The rains had definitely arrived for the orphans this month and it did not take long for the forest to flourish and bloom again. The elephants were delighted when they emerged from their stockades to wet grass in the morning of the 1st, picking up stray branches that had fallen in the storm on which to munch. The mudwallow is always, of course, a great attraction on hot days, when elephant activity unsettles the resident terrapins enormously. The bountiful rains have made it somewhat difficult for the orphans to make their way around the forest on the slippery paths, sometimes slipping and falling to the ground! Lima Lima - a character that relishes teasing other animals has proved a great source of entertainment for the Keepers as she attempts to chase the butterflies which have emerged in abundance since the onset of rain. She often slips and falls over in the process, leaving the butterflies victoriously fluttering around her head and flailing trunk!
This month it has been Sonje rather than Lima Lima who has led the fun Terrapin- teasing games, and one day, when she saw their heads popping above the surface of the water trough, she took to kicking the water in an attempt to dislodge them. However the terrapins are smart enough to understand that they fare better when submerged and try to remain that way until the elephants walk away. Other wildlife encounters include stumbling across a troop of baboons, which is never overly popular as the elephants don’t like baboon loud and disruptive behaviour. Ngasha initially tried to scare them off with outstretched ears in order to appear more intimidating, but ultimately Sonje decided to change direction. A short while later the same day, the orphans encountered a porcupine, an animal that was new to them, despite having experienced many ‘firsts’ as infants in the Nairobi Nursery. Since elephants are essentially timid, often this proves daunting causing them to run around in a panic looking for their Keepers. The next day on the 14th, Sonje raised the alarm for the Keepers when a herd of buffalo were encircling the spot on which they they were standing. The Keepers were very appreciative of her thoughtful forethought!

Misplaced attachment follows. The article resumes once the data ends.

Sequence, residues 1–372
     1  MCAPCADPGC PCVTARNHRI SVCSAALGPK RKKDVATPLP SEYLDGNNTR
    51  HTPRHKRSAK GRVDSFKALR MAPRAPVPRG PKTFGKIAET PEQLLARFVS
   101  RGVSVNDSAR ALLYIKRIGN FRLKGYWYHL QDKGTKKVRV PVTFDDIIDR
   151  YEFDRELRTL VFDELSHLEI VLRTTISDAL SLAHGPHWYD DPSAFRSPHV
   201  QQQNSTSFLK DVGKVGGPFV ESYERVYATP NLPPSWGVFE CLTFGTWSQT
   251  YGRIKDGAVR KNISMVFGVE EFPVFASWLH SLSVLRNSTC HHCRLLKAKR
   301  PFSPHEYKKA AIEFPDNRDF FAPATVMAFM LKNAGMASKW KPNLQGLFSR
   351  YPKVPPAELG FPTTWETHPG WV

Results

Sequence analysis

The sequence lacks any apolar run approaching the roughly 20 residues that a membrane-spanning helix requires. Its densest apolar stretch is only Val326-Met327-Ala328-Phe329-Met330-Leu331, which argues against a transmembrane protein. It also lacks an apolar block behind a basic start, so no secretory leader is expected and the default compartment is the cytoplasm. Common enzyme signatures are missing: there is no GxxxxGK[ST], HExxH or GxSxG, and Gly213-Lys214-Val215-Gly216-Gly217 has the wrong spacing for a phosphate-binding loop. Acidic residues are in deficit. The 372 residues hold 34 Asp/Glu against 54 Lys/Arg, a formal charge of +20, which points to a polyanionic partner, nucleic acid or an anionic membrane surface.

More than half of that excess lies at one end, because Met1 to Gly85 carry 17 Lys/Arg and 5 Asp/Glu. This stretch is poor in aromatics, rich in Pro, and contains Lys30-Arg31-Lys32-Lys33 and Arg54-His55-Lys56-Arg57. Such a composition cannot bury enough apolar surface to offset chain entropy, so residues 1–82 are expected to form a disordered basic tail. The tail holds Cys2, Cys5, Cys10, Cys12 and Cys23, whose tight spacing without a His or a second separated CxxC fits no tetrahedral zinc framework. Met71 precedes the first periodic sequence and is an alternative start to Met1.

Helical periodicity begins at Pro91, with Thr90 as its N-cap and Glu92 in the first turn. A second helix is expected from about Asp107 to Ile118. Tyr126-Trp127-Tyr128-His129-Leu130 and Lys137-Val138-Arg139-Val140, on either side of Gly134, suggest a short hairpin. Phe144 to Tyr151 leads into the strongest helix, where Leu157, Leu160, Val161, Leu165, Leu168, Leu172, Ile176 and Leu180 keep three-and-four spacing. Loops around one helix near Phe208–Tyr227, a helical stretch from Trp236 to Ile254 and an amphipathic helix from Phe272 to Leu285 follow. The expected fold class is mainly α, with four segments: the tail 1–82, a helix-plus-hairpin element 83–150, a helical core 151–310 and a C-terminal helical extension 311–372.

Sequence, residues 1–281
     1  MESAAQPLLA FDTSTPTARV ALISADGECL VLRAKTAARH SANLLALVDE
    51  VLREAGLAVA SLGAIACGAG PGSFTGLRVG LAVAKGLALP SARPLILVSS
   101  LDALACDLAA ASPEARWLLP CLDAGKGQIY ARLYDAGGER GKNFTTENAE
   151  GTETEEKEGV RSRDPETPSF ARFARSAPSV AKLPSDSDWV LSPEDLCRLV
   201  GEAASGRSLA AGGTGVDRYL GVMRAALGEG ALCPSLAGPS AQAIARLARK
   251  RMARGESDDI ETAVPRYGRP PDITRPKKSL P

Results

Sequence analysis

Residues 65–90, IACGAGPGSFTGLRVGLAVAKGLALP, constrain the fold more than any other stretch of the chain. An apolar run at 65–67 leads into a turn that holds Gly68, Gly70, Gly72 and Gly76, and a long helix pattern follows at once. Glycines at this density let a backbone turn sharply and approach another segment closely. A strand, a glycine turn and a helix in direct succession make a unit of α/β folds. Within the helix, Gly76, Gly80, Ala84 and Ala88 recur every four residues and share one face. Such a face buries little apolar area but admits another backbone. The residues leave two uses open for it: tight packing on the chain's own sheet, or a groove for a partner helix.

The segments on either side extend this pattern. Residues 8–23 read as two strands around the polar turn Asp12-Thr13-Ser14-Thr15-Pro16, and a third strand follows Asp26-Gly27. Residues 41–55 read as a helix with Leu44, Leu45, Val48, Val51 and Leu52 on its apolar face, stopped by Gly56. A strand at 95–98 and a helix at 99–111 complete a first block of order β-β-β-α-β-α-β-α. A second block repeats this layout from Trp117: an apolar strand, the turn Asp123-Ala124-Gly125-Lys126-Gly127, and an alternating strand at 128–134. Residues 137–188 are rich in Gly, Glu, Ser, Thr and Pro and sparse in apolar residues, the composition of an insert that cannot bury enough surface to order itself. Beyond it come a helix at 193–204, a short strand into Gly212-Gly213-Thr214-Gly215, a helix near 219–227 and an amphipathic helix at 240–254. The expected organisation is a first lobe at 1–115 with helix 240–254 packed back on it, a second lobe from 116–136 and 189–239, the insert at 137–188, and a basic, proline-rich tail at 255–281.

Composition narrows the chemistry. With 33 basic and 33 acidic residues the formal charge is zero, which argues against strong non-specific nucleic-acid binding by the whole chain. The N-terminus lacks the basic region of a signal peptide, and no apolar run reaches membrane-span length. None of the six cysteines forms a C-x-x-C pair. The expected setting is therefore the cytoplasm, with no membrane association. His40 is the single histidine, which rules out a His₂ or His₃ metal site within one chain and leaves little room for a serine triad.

The two Matriarchs of this little group, Murera and Sonje, continue to be excellent role models and guides to the younger elephants, especially baby Ziwa whom they both adore; always shielding him from the exuberance of older, rougher boys such as Faraja, Ngasha and Jasiri. However, despite this trio growing with age, they are still no match for Sonje in terms of strength and disciplinary ability. On the 5th trumpets from the older girls even managed to alarm a group of rangers on patrol in the forest, who surmised that they were about to walk into a herd of wild elephants. In fact, it was the orphans excitedly chasing a group of bush bucks around!
This month the orphans continued to enjoy chance meetings with wild elephants but their wild friends are not yet fully entrusting of the orphans’ human companions yet. Only time will resolve this and the time will come when all the elephants will intermingle as easily as they do at the Voi and Ithumba Stockades. The orphans happened upon a wild bull on the 7th, who was curious to investigate this strange little herd of young babies. However, he stopped advancing upon seeing them with their Keepers. On the 10th it was the babies who were slightly more nervous upon encountering the same two wild bulls they had met previously, probably daunted by their size!
As the rains continued throughout the month, the grass grew thick and lush with white lilies in abundance, and the babies revelled in collecting both the soft grass they had missed throughout the dry season and their favourite lilies. This was especially exciting for greedy girls such as Lima Lima, who couldn’t feast enough! One day the babies were so eager to continue browsing that they they marched to the waterhole for their noon milk feed before the Keepers had even arrived there! The clever, greedy and most dexterous ones such as Jasiri and Zongoloni decided to pick up their own bottles and feed themselves, whilst the others waited for the Keepers to come and feed them. With the rains comes more insects, and the best deterrent against these is mud, so the orphans spend a great deal of time mud bathing and dusting themselves to deter these scourges. Good scratching posts are also convenient to rid themselves of the ticks.
Fortunately rain has re-charged natural waterholes in which the orphans enjoy playing, usually preferring these new, shallower and thus warmer ones to their usual deep, cooler one. One day the orphans were so caked in mud that the Keepers could hardly tell them apart – able only to distinguish Murera and Sonje from the others by their distinctive size and specific way of walking. On the 22nd Murera was enjoying her mud bath so vigorously that she managed to get herself stuck. Her screaming immediately drew the Keepers to her but by the time they arrived they found that she had managed to extract herself. The biggest downpour was during the night of the 22nd and neither Keepers nor orphans managed to get much sleep sleep due to the crashing of thunder and trees falling in the storm. Throughout the whole of the next day, the babies, especially Ngasha, Faraja, Zongoloni and Ziwa remained apprehensive and glued to the Keepers even whilst browsing. The rains always provide a great source of entertainment, allowing the babies to play on wet grass and muddy soil when not browsing.